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post #310
bio: jen

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Indiana Jones

Yesterday was Indiana Jones Day in my world, so I was in a very frisky mood. I never had to worry about forgetting that May 22nd was the release date for Indiana Jones and the Kingdom of the Crystal Skull. At the intersection of Venice and La Cienega, there were seven Indiana Jones billboards to remind me. Every time I drove past them, I thought of Marion Ravenwood’s line in Raiders:

Indiana Jones, somehow I always knew you’d come walking back through my door. I never doubted it. Something made it inevitable. So what are you doing here in Nepal?

To which Indy replied:

I need one of the pieces your father collected.

To which Marion replied with a right hook to the jaw complete with sound effect punch sound.

Like Star Wars, I have a long history with the Indiana Jones films. I’m convinced that my adolescence started when Harrison Ford took off his shirt in the love scene of Raiders. Maybe that’s why I’ve always like the scruffy---it’s not the years, it’s the mileage.

Also like Star Wars, our family had the RCA Laser Disk of Raiders which we watched over and over again, so I have big chunks of the dialogue in my head. Maybe I ought to do a one-woman show of it. Would you pay good money to a see a minimalist one-woman Raiders? I know how to do the famous truck chase scene.

When Temple of Doom came out, I was in junior high. Even though I found Willie too screechy and thought some of the thuggee scenes a little too Gunga Din, I liked me my Indiana Jones. I even liked the body-by-Jake arms.

When Last Crusade came out, I had just graduated from High School and was settling into a do-nothing summer. Oh no, wait, I was a camp counselor that summer. I thought River Phoenix did a spot-on young Indy. I didn’t love the film---there was something in the pacing, I don’t know. It felt like it was trying too hard. I did like Sean Connery who got to play the damsel in distress role.

I was excited and not excited about the new Indy movie. I was excited because Indy was allowed to age 19 years (has it been nineteen years? I’m getting too old for this), so this time Harrison Ford didn’t have to run around like a spritely forty-something. I figured there would be some intelligence around the whole enterprise. However, I was also not excited. Did we really need more Indiana Jones? I loved the whole concept of episodes in a serial, but nowadays, action movies tend to have more of an event feel to them. They are so expensive that they have to be explosively important, and Indy was always kind of casual.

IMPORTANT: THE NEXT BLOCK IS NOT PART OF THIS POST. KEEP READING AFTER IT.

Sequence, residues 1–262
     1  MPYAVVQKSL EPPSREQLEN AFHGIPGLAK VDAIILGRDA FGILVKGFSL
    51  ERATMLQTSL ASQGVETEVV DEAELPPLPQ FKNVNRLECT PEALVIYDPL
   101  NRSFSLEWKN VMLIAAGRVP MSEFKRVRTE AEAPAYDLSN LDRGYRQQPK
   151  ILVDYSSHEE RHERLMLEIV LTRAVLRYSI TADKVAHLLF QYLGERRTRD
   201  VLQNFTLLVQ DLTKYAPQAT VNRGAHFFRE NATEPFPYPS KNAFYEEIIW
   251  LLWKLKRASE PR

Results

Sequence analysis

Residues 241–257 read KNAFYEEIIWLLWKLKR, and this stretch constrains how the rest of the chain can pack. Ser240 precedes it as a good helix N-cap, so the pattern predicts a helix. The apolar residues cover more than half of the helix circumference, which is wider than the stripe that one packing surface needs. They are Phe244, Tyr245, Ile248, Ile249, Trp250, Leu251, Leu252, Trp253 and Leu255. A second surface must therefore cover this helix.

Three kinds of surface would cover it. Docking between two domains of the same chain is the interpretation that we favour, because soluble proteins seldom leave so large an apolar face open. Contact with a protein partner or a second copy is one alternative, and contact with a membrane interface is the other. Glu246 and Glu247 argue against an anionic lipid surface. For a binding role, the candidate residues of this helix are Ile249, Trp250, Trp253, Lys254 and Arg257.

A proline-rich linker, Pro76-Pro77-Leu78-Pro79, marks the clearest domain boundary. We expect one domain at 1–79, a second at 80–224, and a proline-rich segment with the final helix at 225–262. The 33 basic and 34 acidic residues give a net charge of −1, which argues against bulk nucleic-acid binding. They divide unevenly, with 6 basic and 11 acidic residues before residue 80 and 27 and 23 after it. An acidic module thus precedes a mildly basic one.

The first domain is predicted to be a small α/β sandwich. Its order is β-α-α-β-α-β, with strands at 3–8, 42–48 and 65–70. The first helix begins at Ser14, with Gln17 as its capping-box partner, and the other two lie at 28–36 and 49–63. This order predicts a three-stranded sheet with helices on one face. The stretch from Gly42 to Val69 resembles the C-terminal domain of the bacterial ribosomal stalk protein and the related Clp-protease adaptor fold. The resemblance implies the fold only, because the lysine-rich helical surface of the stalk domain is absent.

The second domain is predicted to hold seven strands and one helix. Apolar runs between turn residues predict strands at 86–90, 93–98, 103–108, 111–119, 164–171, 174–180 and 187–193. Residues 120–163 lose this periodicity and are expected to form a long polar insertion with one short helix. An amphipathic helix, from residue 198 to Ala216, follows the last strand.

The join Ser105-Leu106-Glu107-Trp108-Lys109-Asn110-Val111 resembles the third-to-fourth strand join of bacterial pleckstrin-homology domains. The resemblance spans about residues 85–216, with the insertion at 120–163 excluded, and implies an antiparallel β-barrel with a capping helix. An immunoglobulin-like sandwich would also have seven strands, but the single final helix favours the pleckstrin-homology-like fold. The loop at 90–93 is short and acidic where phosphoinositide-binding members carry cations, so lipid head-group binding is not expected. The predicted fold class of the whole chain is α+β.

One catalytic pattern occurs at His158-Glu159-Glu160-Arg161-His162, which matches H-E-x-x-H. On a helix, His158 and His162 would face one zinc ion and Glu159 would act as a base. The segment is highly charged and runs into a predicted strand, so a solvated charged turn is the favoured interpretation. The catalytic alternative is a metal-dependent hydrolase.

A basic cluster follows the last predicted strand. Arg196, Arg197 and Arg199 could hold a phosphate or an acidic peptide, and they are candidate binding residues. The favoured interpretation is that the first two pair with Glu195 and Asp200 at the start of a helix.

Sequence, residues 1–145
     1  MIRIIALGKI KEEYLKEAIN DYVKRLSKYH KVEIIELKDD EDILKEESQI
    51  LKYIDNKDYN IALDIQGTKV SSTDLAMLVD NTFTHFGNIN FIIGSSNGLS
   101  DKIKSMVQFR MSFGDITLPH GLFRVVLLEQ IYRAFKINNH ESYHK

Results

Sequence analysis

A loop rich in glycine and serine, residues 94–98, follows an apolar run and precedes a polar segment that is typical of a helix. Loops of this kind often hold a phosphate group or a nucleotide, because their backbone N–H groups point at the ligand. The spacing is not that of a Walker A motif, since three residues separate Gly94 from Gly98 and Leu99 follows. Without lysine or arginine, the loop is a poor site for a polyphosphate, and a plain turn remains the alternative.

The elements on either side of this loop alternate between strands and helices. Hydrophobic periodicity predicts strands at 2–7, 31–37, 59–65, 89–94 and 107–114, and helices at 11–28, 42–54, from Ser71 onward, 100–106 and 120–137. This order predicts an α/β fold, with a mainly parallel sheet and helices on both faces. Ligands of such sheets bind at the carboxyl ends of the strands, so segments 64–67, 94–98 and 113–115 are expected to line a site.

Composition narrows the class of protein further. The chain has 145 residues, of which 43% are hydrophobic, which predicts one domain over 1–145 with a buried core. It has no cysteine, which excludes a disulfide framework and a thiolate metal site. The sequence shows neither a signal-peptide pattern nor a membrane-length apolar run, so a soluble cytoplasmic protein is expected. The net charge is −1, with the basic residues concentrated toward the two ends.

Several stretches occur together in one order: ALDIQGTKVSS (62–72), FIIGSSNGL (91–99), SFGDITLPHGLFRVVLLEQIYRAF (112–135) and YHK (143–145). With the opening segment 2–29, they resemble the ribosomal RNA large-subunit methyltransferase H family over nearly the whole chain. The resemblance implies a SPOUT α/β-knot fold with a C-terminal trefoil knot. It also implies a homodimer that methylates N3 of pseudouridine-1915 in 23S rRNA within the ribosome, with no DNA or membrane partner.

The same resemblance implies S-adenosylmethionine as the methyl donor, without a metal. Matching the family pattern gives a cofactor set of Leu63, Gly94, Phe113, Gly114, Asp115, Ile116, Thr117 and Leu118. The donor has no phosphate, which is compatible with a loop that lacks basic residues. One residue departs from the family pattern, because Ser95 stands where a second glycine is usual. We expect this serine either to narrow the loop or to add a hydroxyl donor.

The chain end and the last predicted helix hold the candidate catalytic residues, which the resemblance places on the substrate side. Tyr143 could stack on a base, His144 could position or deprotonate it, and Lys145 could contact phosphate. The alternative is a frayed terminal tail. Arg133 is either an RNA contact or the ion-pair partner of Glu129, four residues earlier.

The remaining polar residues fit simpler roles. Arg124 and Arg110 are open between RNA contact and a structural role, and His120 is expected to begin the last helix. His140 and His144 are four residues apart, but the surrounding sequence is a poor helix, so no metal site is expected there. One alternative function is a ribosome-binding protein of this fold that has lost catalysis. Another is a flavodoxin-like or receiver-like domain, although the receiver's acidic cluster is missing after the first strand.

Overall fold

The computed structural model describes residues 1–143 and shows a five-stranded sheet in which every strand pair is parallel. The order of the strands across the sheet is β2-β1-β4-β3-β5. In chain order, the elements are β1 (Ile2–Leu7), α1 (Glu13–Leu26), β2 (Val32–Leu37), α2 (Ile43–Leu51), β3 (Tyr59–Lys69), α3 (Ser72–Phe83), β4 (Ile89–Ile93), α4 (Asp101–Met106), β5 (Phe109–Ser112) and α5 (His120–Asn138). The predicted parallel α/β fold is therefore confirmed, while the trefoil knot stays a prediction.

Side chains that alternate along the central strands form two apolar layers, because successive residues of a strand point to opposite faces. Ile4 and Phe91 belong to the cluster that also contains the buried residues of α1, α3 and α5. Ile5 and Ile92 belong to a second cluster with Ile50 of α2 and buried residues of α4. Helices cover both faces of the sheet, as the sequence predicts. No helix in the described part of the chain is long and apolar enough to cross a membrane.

With ticket in hand, I went to a 4:45 screening at the local multiplex. Even though there were some kids in the audience, most people in the crowd were thirty-something or older. The movie started late, but that was okay. I got to read the Screenvision trivia. Did you know that Heidi Klum was once called Pizza Face? I wonder how that sounds in German.

In the first few minutes, Indiana Jones is back in his usual scrapes and adventures. He even survives a nuclear explosion---welcome to the 1950s. Or more specifically 1957. 1957 jumps out in my head because On the Road was published that year, and in London, John Osborne’s play Look Back in Anger signaled the rise of the kitchen sink drama.

Indy is definitely an old guy, but he’s never really been young. Still, there was something Beckettesque about the whole thing, and I never expected to describe a Spielberg film as Beckettesque. At one point, Indiana Jones even admits that at his age, you lose more than you get.

Then again, Indy was never the guy who had it all together. He was downright sloppy compared to Han Solo’s tight black pants. Indy sweats, gets hurt, bleeds, but he keeps going because that’s what guys like him do. He must go on, he can’t go on, he’ll go on.

So what did I think of the new movie? I liked it. I still think Raiders of the Lost Ark is the best one of the four. I think sometimes the plotting in the new one got in the way of the fun, but it wasn’t embarrassing. Sometimes, it fell back on Indy mythology---it’s the hat, okay we get it. There was a lot of exposition about what Indy had done in the last twenty years, but the pacing kept things moving at a nice clip. They were wise in bringing back Karen Allen who steals most of the scenes she’s in, and Shia LaBeouf did a great disenfranchised youth.

Just as I was getting into it (about forty-five minutes in), there was a problem with the projection, and we got to watch more Screenvision trivia for about fifteen minutes. Did you know that Harrison Ford’s top ten grossing films all made over 200 million? The theatre did give us all free popcorn, and the film started up again. I ended up leaving the theatre at 7:45---three hours after I got there. Who knew that seeing an Indiana Jones film could be such an adventure?

Final thoughts? We all have people that we go on adventures with. Those adventures don’t necessarily involve a car chase through an Amazon rain forest, but the spirit of it is in all of us. As we get older, we should continue to have our adventures or at the very least spend time with our fellow adventurers. You never know what you’re going to find.

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